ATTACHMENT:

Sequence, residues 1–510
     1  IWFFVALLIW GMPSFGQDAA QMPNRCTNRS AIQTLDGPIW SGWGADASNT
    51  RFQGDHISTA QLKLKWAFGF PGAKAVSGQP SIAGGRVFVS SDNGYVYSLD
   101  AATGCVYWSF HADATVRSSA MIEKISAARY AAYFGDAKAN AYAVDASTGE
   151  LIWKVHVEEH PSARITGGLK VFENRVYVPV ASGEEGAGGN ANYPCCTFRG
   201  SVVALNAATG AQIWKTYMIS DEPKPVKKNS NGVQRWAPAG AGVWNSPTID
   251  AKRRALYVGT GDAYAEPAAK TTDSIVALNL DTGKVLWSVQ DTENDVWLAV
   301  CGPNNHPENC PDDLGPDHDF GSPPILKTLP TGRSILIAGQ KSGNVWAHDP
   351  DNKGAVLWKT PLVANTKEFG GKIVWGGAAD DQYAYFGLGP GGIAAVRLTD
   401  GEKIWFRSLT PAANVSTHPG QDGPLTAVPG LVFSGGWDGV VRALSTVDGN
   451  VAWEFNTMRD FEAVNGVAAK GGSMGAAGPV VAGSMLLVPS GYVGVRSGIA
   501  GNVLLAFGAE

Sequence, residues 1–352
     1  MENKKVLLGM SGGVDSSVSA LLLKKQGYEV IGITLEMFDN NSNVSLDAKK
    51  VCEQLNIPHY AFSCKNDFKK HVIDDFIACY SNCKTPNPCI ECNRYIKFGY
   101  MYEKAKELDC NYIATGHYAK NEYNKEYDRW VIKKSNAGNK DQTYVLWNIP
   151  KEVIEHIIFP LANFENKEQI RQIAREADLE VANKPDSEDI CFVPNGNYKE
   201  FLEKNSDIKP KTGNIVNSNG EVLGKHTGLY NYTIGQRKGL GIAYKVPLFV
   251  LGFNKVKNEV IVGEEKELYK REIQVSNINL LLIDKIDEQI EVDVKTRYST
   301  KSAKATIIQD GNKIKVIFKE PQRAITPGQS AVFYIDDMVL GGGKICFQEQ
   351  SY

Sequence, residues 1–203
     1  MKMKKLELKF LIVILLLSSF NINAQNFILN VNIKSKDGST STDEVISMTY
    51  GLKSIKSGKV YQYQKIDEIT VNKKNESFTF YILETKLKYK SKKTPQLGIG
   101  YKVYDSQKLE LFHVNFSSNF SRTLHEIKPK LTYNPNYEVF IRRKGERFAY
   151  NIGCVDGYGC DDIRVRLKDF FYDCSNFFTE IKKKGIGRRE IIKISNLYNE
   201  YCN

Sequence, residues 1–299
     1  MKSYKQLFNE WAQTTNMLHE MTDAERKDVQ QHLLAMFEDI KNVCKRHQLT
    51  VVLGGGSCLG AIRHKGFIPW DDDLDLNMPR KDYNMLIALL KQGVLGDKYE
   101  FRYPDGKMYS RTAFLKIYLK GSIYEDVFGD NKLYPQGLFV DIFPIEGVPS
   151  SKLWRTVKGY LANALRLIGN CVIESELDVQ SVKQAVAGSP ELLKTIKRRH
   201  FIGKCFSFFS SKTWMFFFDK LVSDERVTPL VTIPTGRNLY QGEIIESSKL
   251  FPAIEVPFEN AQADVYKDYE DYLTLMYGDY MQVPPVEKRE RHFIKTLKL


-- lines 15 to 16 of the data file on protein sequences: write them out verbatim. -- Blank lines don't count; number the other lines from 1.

    51  VCEQLNIPHY AFSCKNDFKK HVIDDFIACY SNCKTPNPCI ECNRYIKFGY
   101  MYEKAKELDC NYIATGHYAK NEYNKEYDRW VIKKSNAGNK DQTYVLWNIP